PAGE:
In these lectures, as part of his invitation to Hindus to receive the precepts and parables of Jesus, Dall invoked the name of Rammohun Roy, founder of the Brahmo Samaj and the first Hindu to discuss the Gospels. By emphasizing the connection between Rammohun Roy and Jesus, however, Dall offended both orthodox Christians and the Brahmo leader Debendranath Tagore, who told him that "he would not hear the name of Jesus spoken in the Samaj." In 1857 Tagore informed Dall that he was no longer welcome even to visit the Calcutta Brahmo Samaj. In order to reach the more liberal Brahmos, in 1857 Dall founded the Rammohun Roy Society (later called the Hitoisini Sabha, or Association).

In the Hitoisini Sabha, Dall promoted the reading of Channing and Theodore Parker. Though he did not sympathize with the views of Parker, Dall considered that Parker's works "well meet a transition state of mind between Hindooism and Xty." His students, however, picking up on Parker's idea of the "transient and permanent" in religion, often came to classify Dall's particular religion among the transient forms. They thought his claim to be both a Unitarian and a Christian inconsistent. They could not understand why, if he disbelieved in Christ's divinity, he still believed in the miracles of Christ, like the other Christian missionaries they knew.

Dall promoted Bengal nationalism, and criticized the rich landowners and the caste system. In order to reach his audience better, he set about learning Bengali, Hindustani, Tamil, and Sanskrit and studied the Bhagavad Gita. As his critique of British rule in India alienated the European community in Calcutta, his British-American congregation withered away. This forced him to concentrate more on his young Bengali protegés.

The effect Dall had on Indian culture and religion was within an Indian context. It did not translate into measurable Christian missionary success. In his 1863 report to the AUA he talked only of "Hindoo Unitarian sympathy" and of how "We are making Unitarians or say Unitheists, out of polytheists." He struggled against the Hindu and Buddhist tendencies to think of God impersonally. In an article, "The Personality of God," published in the South Indian paper, the Crescent, he wrote, "I am a person, because I feel and trust and think and act, and year after year I am the same I. If God gives these powers, he has them to give. God feels and trusts and thinks and acts, and forever is, at least, as able as his creature. If I am a person, he, too, is a person—the infinite I AM."

During the 1860s Dall became closely affiliated with the new Brahmo leader, Keshub Chunder Sen (1838-1884), whose ideas of Christianity were mediated by reading Channing and Parker. In 1866 Keshub split away from Tagore's more narrowly Bengali and anti-Christian Adi Brahmo Samaj and formed the Brahmo Samaj of India.
In 1870, on tour in England, Keshub claimed that "We Indians attach a far greater importance to righteous life than pure doctrines."

Although Dall understood what motivated the Brahmos to avoid the Christian label, he couldn't understand why Keshub would use the figure of Christ so freely in his teaching, and still refuse to identify himself with Unitarian Christianity. Dall thought that the only way to get Keshub to understand and accept his point of view was to become a part of the Brahmo movement and work from the inside. Accordingly, in 1871, he joined, calling himself "a Brahmo follower of Christ." Severe criticism of Dall appeared in American Unitarian and English language Brahmo publications. The Brahmo Indian Mirror wrote, "In one of his lectures just published, he attempts to show that both the present leader of the Brahmo Samaj as well as the founder of that institution view Christ in the same light as Mr. Dall himself. If Mr. Dall intends to preach Unitarian Christianity under the assumed name of theist or Brahmo let him do so on his own account and not on that of Baboo Keshub Chunder Sen or Rajah Ram Mohun Roy."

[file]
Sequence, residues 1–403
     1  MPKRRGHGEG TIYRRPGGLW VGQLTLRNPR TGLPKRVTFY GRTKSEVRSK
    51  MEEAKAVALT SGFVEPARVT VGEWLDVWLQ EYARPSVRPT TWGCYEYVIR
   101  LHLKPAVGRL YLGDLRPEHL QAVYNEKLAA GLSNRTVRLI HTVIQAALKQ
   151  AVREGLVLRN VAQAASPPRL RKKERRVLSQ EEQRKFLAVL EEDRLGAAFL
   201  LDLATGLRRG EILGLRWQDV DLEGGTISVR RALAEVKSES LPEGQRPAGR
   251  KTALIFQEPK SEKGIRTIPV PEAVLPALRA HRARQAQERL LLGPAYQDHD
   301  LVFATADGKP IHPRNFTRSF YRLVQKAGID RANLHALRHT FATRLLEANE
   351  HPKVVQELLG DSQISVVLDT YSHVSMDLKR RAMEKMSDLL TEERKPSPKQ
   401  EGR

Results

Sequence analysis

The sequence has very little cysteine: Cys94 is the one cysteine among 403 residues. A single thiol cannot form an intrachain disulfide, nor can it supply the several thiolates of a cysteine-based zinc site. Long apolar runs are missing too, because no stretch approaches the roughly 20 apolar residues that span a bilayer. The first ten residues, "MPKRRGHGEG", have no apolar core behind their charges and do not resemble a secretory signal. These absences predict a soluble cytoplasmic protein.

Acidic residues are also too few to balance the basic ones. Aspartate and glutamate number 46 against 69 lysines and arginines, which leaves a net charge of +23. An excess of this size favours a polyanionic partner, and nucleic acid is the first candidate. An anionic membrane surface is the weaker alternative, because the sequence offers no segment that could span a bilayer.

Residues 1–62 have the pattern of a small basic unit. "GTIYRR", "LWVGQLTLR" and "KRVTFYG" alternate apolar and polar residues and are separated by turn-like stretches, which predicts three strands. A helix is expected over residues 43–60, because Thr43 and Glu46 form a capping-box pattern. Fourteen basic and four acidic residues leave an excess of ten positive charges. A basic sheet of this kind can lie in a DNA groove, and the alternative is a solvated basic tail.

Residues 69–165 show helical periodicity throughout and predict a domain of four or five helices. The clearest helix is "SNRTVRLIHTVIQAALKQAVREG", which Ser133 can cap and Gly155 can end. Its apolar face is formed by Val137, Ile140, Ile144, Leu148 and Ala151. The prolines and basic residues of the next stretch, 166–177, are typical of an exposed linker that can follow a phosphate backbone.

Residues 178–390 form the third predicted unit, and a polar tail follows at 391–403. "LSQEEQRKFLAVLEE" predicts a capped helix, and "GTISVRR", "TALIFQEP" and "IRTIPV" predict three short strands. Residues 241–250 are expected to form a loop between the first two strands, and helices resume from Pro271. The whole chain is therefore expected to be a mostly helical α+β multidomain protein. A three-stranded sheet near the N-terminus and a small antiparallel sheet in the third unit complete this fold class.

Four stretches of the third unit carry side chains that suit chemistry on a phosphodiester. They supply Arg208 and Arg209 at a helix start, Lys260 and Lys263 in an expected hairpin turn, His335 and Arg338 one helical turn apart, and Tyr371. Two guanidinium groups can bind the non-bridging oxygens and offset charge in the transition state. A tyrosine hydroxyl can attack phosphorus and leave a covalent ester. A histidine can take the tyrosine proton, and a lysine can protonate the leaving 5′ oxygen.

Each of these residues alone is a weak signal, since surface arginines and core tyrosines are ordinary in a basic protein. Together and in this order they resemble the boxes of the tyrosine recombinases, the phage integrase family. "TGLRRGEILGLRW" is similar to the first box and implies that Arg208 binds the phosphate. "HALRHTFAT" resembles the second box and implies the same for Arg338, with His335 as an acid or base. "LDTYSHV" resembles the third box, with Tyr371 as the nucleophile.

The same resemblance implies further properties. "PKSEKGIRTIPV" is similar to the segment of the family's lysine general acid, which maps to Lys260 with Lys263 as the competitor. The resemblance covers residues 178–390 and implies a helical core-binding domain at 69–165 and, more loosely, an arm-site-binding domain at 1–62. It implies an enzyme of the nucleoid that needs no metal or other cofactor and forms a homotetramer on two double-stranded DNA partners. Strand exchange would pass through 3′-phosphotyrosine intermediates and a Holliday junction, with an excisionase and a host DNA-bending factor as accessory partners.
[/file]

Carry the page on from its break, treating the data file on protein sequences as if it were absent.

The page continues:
The Brahmo Samaj split again in 1878 when Keshub, apparently against his religious principles, arranged for his underage daughter to marry the Maharajah of Kuch Behar. Those opposed to Keshub formed the Sadharan Brahmo Samaj, while Keshub reorganized his supporters as the Church of the New Dispensation.
Dall was shocked by his associate's behavior and, by this time, Keshub was also disillusioned with Dall. In 1883 Keshub was quoted as saying, "[Unitarianism's] representative in Calcutta has made it ridiculous here." Despite this, in 1884 Dall was the only non-Hindu present at Keshub's deathbed.

Around 1880 Dall received a letter from Hajom Kissor Singh, leader of what would become the Khasi Hills Unitarian movement. Although Dall was unable to make a trip to Singh's remote location, he was able to send books and their correspondence bore fruit in the journey of Jabez T. Sunderland to the Khasi Hills ten years after Dall's death.

During his later years in India, as Dall had less and less influence over the liberal Hindu religious reform movement, he concentrated more on general education. In 1860 Dall had founded in Calcutta the School of Useful Arts. When it began there were seven students; a year later there were nearly 300. This was a continuation of the interest he had shown in America in elevating the working classes through practical education. He also came to manage the Rover's School for Poor Boys, the AUA's Hindu Girl's School, and the Hayward School for Girls.

Dall remained in India the rest of his life. He died during gall bladder surgery in 1886. Services were held for him by both the Christians and the Sadharan Brahmo Samaj. The Sanskrit inscription on his grave reads, "Though that high-minded philanthropist of benign appearance, who was, as it were, an ocean of good qualities, who knew all the principles of religion and science, and who was of pure morals and a defender of the true faith, lies dead in this grave, yet he may truly be said to live in the tangible proofs of his goodness."

Dall's papers are in the Archives at Harvard University in Cambridge, Massachusetts. His letters to the AUA and his personal papers from both his American and Indian careers are in the Harvard Divinity School's Andover-Harvard Theological Library. Various letters from India were published in the AUA Quarterly Journal, and in Dall's Twenty-Five Years: General Report of the Indian Mission of the American Unitarian Association (1880). There is correspondence of the Dall family in the Hay Library in Providence, Rhode Island. Dall's writings include Patriotism in Bengal (1858), "Philosophy of Conscience" (1858), From Calcutta to London by the Suez Canal (1869), Lecture on Rajah Rammohun Roy (1871), The Theist's Creed (1872), and What Is Christianity? Sonship to God (1883). Early biographical treatments include John Healy Heywood, Our Indian Mission and Our First Missionary (1887); Henry Williams, Memorials of the Class of 1837 of Harvard University (1887); and Caroline Dall, ed., Memorial to C.H.A. Dall (1902). See also Spencer Lavan, Unitarians and India (1977); Phillip Hewett, Unitarians in Canada (1978); Asoknath Mukhopadhyay, "Reform from Within and the Instrumentality of Dall's Calcutta Mission: Initial Phase, 1855-58," in Bengal, Past and Present (July-December 1980); and Susan S. Bean, Yankee India: American Commercial and Cultural Encounters with India in the Age of Sail, 1784-1860 (2001). There is an entry on Dall, by Robert A. Schneider, in American National Biography (1999).

An early review of Dall's work in India can be found in George Leonard Chaney, "The India Mission," in the 1872 Report of the National Conference of Unitarian and other Christian Churches. Also useful is the biography of Charles Henry Appleton Dall in Samuel A. Eliot, ed., Heralds of A Liberal Faith: The Preachers, Volume 3 (1910).

Article by Spencer Lavan and Peter Hughes - posted August 20, 2006
admin
Site Admin
 
Posts: 29753
Joined: Thu Aug 01, 2013 5:21 am

PreviousNext

Return to Articles & Essays

Who is online

Users browsing this forum: No registered users and 2 guests